1938 - Nov. 25th The electric has been installed in the school by the Managers.

Commenting on a cottage next to the Church which was thatched... "I had piano lessons with Flo [Utting]. They did not have electricity at that time, so when it got dark Flo would light the hurricane-lamps at either side of the piano to enable pupils to see for the lesson."

'Oh the bliss of not shovelling coal! But there was no more ash to scatter on icy roads....'

But the School had to wait yet longer:

Not all houses had electricity, even by the War years, but maybe the church thought it not worth connecting the condemned church cottages:

Gas first arrived in the village in 1973 when a 4-inch main was laid to serve the two new estates. It was more than ten years before houses on the older estates were able to get a supply.

Fire! Fire! (or how to fight it....)

Extracts from Parish Council Minutes:

1896 Oct. 5th Clerk to write to neighbouring parishes... about fire engine apparatus. Resolution that Parish and district needs a fire engine proposed and carried.
[But the response was rather negative: Newton Flotman Parish Council minuted in December 1896: 'The clerk was instructed to write to the chairman of the Mulbarton parish council that this council could not enter into any proposal as to a fire engine at present.']

1897 Jan 18th Special Parish Meeting with 'a good attendance' to discuss fire engine. No money to come from Poor Rate - voluntary subscription suggested. Norwich would not send one of their engines. After much argument, meeting voted to have a fire engine which they wanted paid from the Poor Rate.

1898 Oct 17th 'Letters read from Local Government Board and G B Kennet (Town Clerk of Norwich) respecting fire engine scheme. Mr. Peake moved and Mr. Hawlett seconded that no action be taken....after some discussion carried unanimously.

New Council elected in 1899. At meeting on June 1st, the idea of providing a fire engine 'abandoned'. Still felt the same in 1900, when they rejected a proposal coming from Thorpe St. Andrew for rural fire engines.

1902, March 19th A scheme proposed by Norwich considered but too costly, so another scheme abandoned.

1919 Jan 29th Fire engine mentioned again! Service of Norwich Fire Brigade would cost £6 a year plus fees for attending a fire (recoverable from property-owners insurer). Agreed to accept the offer - draft deed signed in February.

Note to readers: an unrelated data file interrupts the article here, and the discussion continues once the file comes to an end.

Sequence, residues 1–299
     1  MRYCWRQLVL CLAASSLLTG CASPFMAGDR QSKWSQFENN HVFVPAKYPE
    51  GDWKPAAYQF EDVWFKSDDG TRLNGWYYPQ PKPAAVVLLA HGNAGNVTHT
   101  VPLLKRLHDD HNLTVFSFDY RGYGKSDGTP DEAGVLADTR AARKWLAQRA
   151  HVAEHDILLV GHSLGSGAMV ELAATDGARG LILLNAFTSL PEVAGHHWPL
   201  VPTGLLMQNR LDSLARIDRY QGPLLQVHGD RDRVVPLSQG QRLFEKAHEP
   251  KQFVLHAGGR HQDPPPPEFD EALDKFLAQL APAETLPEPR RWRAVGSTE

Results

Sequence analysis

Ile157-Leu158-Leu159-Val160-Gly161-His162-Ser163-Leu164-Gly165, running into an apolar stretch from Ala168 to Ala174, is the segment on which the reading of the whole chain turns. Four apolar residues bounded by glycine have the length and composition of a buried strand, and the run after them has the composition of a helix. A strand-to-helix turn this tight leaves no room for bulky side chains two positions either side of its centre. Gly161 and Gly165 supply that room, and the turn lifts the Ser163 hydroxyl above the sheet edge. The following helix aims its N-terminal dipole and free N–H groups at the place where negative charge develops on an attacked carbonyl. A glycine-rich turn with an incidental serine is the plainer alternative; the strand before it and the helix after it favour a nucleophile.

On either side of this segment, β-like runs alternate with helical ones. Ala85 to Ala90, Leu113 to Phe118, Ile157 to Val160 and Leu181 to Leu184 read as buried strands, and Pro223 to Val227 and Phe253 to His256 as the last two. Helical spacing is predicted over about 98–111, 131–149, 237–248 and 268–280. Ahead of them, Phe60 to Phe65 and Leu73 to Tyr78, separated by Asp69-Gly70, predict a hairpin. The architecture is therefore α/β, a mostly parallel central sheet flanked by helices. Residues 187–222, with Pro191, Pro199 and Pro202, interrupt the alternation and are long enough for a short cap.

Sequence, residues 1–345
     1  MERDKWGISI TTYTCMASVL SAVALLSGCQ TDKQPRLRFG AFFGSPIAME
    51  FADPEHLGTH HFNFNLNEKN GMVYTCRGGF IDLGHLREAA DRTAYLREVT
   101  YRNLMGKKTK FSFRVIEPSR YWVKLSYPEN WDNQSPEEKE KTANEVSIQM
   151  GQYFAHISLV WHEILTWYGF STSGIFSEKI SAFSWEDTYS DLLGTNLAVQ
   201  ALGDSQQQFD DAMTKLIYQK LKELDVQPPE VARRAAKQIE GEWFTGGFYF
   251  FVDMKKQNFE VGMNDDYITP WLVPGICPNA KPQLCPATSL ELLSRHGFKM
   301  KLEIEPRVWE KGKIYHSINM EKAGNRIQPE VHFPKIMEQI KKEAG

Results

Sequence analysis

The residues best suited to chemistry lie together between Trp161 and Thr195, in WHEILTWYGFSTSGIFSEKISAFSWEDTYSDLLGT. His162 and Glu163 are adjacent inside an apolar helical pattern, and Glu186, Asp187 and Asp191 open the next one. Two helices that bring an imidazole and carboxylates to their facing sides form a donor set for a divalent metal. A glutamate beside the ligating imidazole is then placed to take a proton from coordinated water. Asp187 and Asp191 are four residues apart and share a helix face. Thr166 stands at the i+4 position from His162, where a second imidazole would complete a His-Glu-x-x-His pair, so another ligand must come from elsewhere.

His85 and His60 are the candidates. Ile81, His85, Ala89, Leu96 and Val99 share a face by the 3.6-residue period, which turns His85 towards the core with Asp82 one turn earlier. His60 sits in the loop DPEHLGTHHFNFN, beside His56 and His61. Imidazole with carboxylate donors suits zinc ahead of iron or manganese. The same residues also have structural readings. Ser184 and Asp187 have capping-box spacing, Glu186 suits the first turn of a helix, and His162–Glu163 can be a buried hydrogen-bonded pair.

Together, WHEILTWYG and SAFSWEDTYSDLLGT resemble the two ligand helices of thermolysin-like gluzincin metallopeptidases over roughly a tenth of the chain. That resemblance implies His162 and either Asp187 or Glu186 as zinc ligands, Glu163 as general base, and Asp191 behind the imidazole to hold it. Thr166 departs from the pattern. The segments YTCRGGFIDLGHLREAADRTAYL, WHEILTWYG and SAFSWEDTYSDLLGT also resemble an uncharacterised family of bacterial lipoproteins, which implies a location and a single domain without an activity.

Could it have been saved? Mr & Mrs Carver survey the ruin of their home on Norwich Road. A spark from a traction engine set the thatch alight.
Could it have been saved? Mr & Mrs Carver survey the ruin of their home on Norwich Road. A spark from a traction engine set the thatch alight.

Neighbouring East Carleton already had a service and collected subscriptions per household to meet the quota of £5.10 shillings paid each year in December to the Norwich Fire Brigade. 'The property owners, quite rightly bear the bulk of the expense, the farmers next and the cottage residents next in respect to their furniture.' (From The East Carleton Magazine, December 1917) The same magazine has a note in the January 1924 edition: 'On two occasions since we have become subscribers, the Brigade has been down to fires in this parish.'

1927 - Fee for fire service up by 10/- (50p) a year.

1937 - Fire Brigade now a matter for the RDC instead of the Parish.


The Auxiliary Fire Officers leaving the Old Hall where the fire engine was garaged
The Auxiliary Fire Officers leaving the Old Hall where the fire engine was garaged

At the beginning of World War 2, Mulbarton, like many other villages, was given fire-fighting equipment to deal with incendiary bombs, etc. Auxiliary Firemen were recruited and trained, including Mr Skipper (at centre in photo above) and 'Crom' Blackburn as drivers, Percy & Reggie Wymer (probably in above photo) and others. The first fire engine, a hand operated pump on a handcart, was housed at Mulbarton Hall. This was taken to, but not used, when an anti-aircraft shell broke a cable on the meadow opposite Mr Woolmer's house in Rectory Lane. Norman Williams was there to say "that's not a fire": the cable was arcing on the ground, lighting up the whole area while German planes were overhead!

Later, this pump was replaced by a Coventry Climax Minor Trailer Pump with a Buick converted vehicle to pull it. The Minor trailer pump was later replaced by the Major version that gave double the water output. These were too big to be stored at Mulbarton Hall, so a home was found in one of the outbuildings of the Old Hall. The practices were still done at Mulbarton Hall using the big pond (near where the surgery now stands) as a water source. George Skipper (who kindly supplied the above photo of his father) says, "I was there on Sunday mornings to watch the hose drill and hanging the wet hoses up the big chestnut tree near the pond to dry". The tree is still there, by the Infant School entrance!

"Fortunately we had no fires in Mulbarton, though the firemen sprang to action when the Fish and Chip van in Wood Lane, Swardeston, caught fire!" Mr Skipper also notes that "While this appliance was officially allocated to Mulbarton, it was frequently "borrowed" by the full time NFS for various work including pumping-out damaged shipping. It would come back saturated with salt."

It still existed long after the war - some people dragged it out and tried it out around 1960, and it still worked, but water went everywhere except out of the hosepipe!